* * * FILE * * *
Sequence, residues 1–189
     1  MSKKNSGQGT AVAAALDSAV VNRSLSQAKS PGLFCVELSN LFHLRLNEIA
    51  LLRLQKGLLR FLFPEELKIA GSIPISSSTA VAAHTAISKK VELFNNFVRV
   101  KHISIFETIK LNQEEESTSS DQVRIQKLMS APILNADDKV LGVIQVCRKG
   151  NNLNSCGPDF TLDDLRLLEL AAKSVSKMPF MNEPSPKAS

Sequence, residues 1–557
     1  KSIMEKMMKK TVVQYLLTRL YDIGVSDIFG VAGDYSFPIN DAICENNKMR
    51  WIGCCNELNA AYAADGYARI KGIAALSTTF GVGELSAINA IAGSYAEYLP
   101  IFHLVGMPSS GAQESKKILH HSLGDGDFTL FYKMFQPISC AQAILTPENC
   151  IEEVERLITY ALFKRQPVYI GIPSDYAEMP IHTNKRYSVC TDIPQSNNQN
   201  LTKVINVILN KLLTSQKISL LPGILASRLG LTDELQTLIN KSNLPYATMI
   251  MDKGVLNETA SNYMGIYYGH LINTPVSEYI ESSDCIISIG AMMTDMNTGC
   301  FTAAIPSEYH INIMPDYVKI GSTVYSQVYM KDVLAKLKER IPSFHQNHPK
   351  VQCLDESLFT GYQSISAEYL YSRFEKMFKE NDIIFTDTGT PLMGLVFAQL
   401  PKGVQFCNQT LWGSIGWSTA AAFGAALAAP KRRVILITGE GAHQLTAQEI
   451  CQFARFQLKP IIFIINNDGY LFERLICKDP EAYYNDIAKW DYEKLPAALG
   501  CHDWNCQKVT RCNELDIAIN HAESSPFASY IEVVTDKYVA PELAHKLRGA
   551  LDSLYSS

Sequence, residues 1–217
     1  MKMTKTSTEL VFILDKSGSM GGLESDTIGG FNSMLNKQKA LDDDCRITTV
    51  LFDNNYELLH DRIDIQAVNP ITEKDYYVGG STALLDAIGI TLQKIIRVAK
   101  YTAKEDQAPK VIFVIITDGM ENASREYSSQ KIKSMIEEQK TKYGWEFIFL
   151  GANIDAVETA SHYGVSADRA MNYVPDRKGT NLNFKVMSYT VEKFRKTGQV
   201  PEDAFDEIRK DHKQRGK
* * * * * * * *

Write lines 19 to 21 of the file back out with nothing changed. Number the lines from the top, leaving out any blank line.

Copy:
Sequence, residues 1–217
     1  MKMTKTSTEL VFILDKSGSM GGLESDTIGG FNSMLNKQKA LDDDCRITTV
    51  LFDNNYELLH DRIDIQAVNP ITEKDYYVGG STALLDAIGI TLQKIIRVAK